We continue to welcome calls into the agency from people who are struggling to get a healthcare solutions individually or for their family. There's no question, healthcare these days is a challenge for nearly all of us.
I read an article this morning in THE TENNESSEAN that gives a little more information about what others face and the solutions that are out there. I thought it might interest you in seeing this article written by Holly Fletcher of THE TENNESSEAN with contributions from Kristi Nelson with the Knoxville News Sentinel.
Alan Hall sat with his laptop at the ready at Bellevue Public Library Sunday, prepared to help people navigate healthcare.gov as the first Health Insurance Marketplace deadline approaches this week.
The deadline to sign up with a guaranteed Jan. 1 coverage start date is Dec. 15. Navigators around the state like Hall are preparing for a busy week.
Listen to Hall speak for very long and it's a workshop on insurance, explaining co-insurance and the structure of plans' specialist and emergency room coverage, along with the random, odd personal fact - presumably the answer to a security question that won't be hard to remember.
Hall helped Melinda Hmielewski get enrolled in a Cigna plan that will start on Jan. 1. She's been paying $554 a month for Cobra through her former employer. Starting in 2017, however, her new premium will be zero.
She enrolled in a plan in about half an hour and thought the process, guided by Hall, was "just wonderful." She won't "have to pay a dime" in premiums and plans to use the plan as a bridge until she lands a new job and moves onto employer-sponsored coverage.
Hmielewski, referred to Hall by her sister Deborah Garrett, was his first appointment of the afternoon. Garrett has had an individual plan on the federally run exchange for two years.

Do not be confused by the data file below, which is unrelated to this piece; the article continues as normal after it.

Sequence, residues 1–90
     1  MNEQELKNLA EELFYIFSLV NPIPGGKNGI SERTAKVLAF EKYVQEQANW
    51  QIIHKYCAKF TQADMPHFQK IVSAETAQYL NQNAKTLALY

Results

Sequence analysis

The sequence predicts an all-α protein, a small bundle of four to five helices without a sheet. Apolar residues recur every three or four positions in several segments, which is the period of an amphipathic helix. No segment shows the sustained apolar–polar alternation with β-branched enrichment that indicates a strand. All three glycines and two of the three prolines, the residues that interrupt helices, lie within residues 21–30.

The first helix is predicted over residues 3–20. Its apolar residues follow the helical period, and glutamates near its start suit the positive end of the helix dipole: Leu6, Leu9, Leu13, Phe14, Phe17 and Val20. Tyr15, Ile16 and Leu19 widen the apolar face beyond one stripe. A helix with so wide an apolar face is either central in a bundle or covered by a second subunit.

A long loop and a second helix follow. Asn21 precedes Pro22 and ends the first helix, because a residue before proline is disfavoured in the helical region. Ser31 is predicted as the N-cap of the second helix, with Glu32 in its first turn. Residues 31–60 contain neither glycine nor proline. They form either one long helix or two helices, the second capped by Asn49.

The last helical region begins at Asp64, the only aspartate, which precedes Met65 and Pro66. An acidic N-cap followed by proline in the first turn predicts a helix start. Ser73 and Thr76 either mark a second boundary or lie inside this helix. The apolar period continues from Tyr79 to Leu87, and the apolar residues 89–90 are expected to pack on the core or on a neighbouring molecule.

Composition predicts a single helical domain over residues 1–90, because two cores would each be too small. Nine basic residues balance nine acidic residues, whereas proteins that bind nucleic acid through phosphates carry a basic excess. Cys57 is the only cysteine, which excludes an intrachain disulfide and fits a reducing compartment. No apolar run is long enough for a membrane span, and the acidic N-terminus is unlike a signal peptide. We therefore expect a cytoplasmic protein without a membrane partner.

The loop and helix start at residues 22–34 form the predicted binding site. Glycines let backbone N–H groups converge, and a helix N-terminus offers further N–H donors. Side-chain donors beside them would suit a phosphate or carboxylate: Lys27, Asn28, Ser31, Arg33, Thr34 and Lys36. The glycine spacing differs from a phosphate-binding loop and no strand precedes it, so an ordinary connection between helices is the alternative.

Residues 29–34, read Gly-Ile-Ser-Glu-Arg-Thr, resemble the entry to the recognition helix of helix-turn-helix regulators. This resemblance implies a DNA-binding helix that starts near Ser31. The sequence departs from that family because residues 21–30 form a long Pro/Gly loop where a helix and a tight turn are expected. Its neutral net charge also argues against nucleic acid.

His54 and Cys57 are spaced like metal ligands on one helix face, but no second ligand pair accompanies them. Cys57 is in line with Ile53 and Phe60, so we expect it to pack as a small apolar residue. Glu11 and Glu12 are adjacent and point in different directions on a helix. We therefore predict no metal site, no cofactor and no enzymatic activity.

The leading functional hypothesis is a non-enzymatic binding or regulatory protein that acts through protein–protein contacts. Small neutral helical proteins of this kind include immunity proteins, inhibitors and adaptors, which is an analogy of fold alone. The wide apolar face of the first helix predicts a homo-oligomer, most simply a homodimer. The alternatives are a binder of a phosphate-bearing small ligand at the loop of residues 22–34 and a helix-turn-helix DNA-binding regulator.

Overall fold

While activity at enrollment events across the state is on par with last year, some groups expect to exceed the number of people they helped in 2015 by the end of the week.
The state saw fewer people enroll in the first month compared to the year before, but navigators said the loss of BlueCross BlueShield of Tennessee continues to be a concern for people in Nashville, Memphis and Knoxville who are weighing their options. Hall estimates that, for every one new enrollee he's helping, eight people pick a new insurer.
There were 55,434 people who picked a plan on the federally run Obamacare exchange across the state from Nov. 1 to Nov. 26, according to the U.S. Department of Health and Human Services. In the first four weeks of enrollment in 2015, 62,922 Tennesseans selected a plan.
In Knoxville, the BCBST twist combined with the election of Donald Trump is shaping people's decisions, said Derrick Folsom, outreach coordinator for Cherokee Health Systems. Some people are forging ahead with picking new providers or insurers while others think the repeal-and-replace will come quickly in 2017 and are opting not to buy a plan.
Hmielewski expects Trump and his administration will take "what we've had in place for the last four years and make it better."
Folsom's seen people who say, "I'm going to get it one last time."
Plans purchased for next year will be in place throughout 2017. Trump and other Republicans in Washington, D.C., are talking about delaying the impacts of repeal for a couple of years.
"I just tell everybody that it's certainly going to be around this year," Hall said.
People who want a plan that starts at the beginning of 2017 shouldn't wait until the last minute to start enrolling, navigators said.
Last year, a surge of users in the days leading up to the 15th caused some shoppers to experience wait times online and on the phone, though the problems were not as widespread as the issues that plagued healthcare.gov in its first year. Federal officials wound up extending the deadline.
Open enrollment at healthcare.gov runs through Jan. 31.
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